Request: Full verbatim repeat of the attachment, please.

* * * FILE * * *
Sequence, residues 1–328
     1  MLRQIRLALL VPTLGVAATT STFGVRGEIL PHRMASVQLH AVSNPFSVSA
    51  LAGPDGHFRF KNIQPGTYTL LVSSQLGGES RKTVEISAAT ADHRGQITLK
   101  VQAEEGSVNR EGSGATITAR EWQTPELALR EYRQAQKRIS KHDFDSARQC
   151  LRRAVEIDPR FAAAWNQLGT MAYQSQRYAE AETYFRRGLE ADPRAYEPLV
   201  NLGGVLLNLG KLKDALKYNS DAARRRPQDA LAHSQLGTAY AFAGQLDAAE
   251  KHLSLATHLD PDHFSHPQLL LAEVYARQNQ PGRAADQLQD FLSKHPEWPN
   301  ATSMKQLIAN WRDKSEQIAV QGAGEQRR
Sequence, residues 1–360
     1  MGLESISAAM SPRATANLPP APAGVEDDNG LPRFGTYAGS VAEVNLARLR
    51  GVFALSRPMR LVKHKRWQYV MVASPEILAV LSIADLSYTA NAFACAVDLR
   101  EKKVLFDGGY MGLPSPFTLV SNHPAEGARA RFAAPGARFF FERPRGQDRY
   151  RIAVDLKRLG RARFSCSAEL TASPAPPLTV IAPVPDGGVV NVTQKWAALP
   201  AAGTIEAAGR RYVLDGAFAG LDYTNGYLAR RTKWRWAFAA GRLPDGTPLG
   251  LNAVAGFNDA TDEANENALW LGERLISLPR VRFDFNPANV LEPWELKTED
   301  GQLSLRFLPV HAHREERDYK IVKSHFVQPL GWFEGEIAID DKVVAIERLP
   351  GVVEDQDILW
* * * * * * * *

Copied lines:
Sequence, residues 1–328
     1  MLRQIRLALL VPTLGVAATT STFGVRGEIL PHRMASVQLH AVSNPFSVSA
    51  LAGPDGHFRF KNIQPGTYTL LVSSQLGGES RKTVEISAAT ADHRGQITLK
   101  VQAEEGSVNR EGSGATITAR EWQTPELALR EYRQAQKRIS KHDFDSARQC
   151  LRRAVEIDPR FAAAWNQLGT MAYQSQRYAE AETYFRRGLE ADPRAYEPLV
   201  NLGGVLLNLG KLKDALKYNS DAARRRPQDA LAHSQLGTAY AFAGQLDAAE
   251  KHLSLATHLD PDHFSHPQLL LAEVYARQNQ PGRAADQLQD FLSKHPEWPN
   301  ATSMKQLIAN WRDKSEQIAV QGAGEQRR
Sequence, residues 1–360
     1  MGLESISAAM SPRATANLPP APAGVEDDNG LPRFGTYAGS VAEVNLARLR
    51  GVFALSRPMR LVKHKRWQYV MVASPEILAV LSIADLSYTA NAFACAVDLR
   101  EKKVLFDGGY MGLPSPFTLV SNHPAEGARA RFAAPGARFF FERPRGQDRY
   151  RIAVDLKRLG RARFSCSAEL TASPAPPLTV IAPVPDGGVV NVTQKWAALP
   201  AAGTIEAAGR RYVLDGAFAG LDYTNGYLAR RTKWRWAFAA GRLPDGTPLG
   251  LNAVAGFNDA TDEANENALW LGERLISLPR VRFDFNPANV LEPWELKTED
   301  GQLSLRFLPV HAHREERDYK IVKSHFVQPL GWFEGEIAID DKVVAIERLP
   351  GVVEDQDILW